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Quantifying DNA? Here are Five DNA Quantification Methods to Consider

Posted by Jennifer Tsang on Jul 21, 2020 9:15:00 AM

You’ve prepped your DNA and you’re ready to get started on the next step of your experiment. But in many cases, you won’t see any signs of DNA in your final tube after purification. How do you know if you actually have DNA in your tube without seeing it?

There are many ways to do this and the method you choose could be based on your downstream application, time, and instrument availability.

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Topics: Molecular Biology Protocols and Tips, Plasmids

What's the Best Way to Elute and Store Your Plasmid DNA?

Posted by Paolo Colombi on Jun 4, 2020 9:22:22 AM

If you use a kit for DNA purification or if you use a DIY purification protocol, you might have noticed that there are many options to elute your DNA prep. You might see protocols that recommend eluting in water, Tris-EDTA (TE), just Tris buffer, or some other variations. Does it make a difference? Short answer: yes. This last step will influence the stability of your sample over time and determine which experiments you can effectively use the DNA.

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Topics: Molecular Biology Protocols and Tips, Plasmids

RNA Extraction Without A Kit

Posted by Leah Schwiesow on Mar 24, 2020 9:15:00 AM

As with DNA isolation, scientists commonly rely on RNA isolation kits to make their life easier. Recently, we published a blog on DNA purification without a kit that outlined several reasons why doing something without a kit has advantages: less plastic waste, less expense, and less of being left with a bunch of random solutions when all the spin columns run out. In this article, we cover the basics of isolating RNA without a kit.

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Topics: Molecular Biology Protocols and Tips, Plasmids

DNA Purification Without a Kit

Posted by Beth Kenkel on Feb 11, 2020 9:15:00 AM

Before you reach for that silica spin column, stop to consider some ways to purify DNA without a kit. DNA purification kits have advantages: they are convenient and provide uniform, consistent results. But they are also less accessible due to their expense and requirement for lab equipment. Plus they create plastic waste. Kits can also have the annoying tendency to runout right when you need them and to accumulate a bunch of unused buffers because you’ve run out of columns.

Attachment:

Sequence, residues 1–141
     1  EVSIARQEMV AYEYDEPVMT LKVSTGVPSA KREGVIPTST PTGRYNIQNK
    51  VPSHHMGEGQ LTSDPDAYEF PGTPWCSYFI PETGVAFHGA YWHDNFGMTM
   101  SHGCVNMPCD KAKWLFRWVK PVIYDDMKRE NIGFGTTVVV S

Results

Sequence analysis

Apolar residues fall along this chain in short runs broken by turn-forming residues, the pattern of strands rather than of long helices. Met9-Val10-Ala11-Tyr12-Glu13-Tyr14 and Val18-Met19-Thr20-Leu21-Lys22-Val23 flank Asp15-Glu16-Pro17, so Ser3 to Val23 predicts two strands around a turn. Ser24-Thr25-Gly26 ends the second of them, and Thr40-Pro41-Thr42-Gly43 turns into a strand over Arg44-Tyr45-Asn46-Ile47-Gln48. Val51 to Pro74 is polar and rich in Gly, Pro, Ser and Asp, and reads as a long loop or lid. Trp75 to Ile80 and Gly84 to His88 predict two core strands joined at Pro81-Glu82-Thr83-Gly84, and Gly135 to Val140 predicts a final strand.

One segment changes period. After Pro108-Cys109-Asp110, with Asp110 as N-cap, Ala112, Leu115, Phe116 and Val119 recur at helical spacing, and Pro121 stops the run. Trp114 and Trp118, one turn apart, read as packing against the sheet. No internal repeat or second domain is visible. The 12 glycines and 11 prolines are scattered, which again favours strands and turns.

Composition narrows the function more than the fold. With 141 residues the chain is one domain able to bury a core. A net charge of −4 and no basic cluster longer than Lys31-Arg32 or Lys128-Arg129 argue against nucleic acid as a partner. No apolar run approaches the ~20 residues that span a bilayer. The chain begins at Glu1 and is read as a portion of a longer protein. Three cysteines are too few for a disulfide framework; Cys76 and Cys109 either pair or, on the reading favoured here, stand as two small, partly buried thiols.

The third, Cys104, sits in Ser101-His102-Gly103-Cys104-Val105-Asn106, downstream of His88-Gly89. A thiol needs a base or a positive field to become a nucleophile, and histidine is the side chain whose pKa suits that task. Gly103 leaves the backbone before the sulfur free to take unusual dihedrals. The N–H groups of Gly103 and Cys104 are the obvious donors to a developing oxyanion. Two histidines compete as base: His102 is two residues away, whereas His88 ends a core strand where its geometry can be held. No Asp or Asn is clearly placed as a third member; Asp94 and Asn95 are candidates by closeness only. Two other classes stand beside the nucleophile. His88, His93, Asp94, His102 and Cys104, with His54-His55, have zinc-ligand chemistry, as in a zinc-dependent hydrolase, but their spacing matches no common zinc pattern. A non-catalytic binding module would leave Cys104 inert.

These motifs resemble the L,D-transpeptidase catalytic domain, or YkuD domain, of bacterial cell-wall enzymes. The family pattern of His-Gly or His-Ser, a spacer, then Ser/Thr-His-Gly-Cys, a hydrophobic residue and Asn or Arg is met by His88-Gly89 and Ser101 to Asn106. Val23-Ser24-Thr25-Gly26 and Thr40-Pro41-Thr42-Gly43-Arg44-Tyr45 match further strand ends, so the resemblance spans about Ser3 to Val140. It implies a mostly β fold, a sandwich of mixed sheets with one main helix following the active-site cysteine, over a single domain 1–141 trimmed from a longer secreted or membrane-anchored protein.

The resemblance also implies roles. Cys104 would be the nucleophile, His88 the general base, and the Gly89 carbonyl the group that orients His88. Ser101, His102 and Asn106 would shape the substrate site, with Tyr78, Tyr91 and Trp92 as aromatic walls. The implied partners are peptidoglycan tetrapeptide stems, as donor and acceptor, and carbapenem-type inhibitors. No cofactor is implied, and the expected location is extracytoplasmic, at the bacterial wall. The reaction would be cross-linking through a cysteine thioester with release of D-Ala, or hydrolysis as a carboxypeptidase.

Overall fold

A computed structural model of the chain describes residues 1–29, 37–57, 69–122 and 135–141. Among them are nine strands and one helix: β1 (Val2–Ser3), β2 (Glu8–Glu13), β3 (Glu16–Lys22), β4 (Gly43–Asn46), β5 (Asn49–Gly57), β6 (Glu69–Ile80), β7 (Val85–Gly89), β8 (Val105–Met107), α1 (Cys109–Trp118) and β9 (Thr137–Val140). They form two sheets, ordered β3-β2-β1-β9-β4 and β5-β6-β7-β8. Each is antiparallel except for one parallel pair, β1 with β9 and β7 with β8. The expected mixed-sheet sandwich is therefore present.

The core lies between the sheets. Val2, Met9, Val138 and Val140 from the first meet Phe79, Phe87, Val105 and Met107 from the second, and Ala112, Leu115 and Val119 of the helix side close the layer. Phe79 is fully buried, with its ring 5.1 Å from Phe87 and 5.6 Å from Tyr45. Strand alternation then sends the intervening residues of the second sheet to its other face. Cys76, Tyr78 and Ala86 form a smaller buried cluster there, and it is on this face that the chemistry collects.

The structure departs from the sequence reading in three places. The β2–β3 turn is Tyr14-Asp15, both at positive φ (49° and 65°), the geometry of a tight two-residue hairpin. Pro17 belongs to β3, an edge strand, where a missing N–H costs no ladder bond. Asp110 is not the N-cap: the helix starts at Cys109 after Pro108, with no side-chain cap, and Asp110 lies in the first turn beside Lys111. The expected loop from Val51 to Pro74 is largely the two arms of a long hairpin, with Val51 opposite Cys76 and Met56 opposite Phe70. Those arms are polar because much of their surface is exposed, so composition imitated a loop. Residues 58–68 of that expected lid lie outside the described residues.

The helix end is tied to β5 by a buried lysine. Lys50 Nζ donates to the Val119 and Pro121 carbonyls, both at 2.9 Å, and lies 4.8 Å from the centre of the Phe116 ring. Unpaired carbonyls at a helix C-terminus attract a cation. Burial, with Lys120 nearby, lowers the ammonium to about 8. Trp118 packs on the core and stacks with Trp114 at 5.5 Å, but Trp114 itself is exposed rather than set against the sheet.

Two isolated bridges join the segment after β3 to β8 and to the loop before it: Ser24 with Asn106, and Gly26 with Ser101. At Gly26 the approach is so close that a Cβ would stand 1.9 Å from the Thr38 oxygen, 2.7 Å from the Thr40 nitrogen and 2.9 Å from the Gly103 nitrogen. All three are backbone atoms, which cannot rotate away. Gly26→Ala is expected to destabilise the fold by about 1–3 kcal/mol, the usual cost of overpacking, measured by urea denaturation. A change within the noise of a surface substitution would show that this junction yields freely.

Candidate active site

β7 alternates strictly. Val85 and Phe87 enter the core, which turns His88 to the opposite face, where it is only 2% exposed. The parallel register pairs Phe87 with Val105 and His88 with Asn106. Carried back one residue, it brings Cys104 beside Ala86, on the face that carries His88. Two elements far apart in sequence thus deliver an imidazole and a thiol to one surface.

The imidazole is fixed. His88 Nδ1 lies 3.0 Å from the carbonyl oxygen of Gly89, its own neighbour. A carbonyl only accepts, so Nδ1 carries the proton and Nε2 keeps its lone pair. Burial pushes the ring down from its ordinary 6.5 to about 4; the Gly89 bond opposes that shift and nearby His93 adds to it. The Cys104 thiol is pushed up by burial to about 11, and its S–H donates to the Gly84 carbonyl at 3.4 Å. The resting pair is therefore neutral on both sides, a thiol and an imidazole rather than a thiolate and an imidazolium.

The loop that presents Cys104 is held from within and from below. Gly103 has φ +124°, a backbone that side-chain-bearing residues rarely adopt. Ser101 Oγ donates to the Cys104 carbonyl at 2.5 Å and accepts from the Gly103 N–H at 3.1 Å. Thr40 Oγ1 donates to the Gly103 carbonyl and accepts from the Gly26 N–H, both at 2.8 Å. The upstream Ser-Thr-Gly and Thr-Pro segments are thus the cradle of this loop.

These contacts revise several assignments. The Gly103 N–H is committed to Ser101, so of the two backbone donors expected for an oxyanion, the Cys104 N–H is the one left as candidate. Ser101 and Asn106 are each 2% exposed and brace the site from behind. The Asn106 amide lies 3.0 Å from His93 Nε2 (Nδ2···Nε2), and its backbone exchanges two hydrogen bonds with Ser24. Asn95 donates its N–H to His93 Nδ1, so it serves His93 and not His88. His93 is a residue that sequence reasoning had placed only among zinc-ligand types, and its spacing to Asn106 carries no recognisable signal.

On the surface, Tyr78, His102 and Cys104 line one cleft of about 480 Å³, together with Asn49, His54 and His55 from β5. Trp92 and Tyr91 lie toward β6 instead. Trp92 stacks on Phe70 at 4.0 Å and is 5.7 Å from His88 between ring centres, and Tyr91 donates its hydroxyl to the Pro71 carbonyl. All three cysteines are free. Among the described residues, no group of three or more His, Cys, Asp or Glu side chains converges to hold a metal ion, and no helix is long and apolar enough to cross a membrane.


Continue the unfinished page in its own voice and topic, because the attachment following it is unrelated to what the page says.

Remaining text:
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Topics: Molecular Biology Protocols and Tips, Plasmids

Harnessing Bacterial Toxins for Allelic Exchange

Posted by Guest Blogger on Aug 15, 2019 8:30:02 AM

This post was contributed by Jacob Lazarus, a postdoctoral researcher at Harvard.

There’s an astounding number of ways to create chromosomal mutations in bacteria, so many that it may be difficult to decide which path to take. A quick and easy way to introduce a mutation in the chromosome is to disrupt expression of a gene with an antibiotic resistance cassette. This leaves a “scar” in the chromosome, sometimes interfering with expression of surrounding genes. However, there are ways to create scarless mutations, ones that don’t leave any undesired scars in the chromosome.

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Topics: Molecular Biology Protocols and Tips, Other Plasmid Tools, Plasmids

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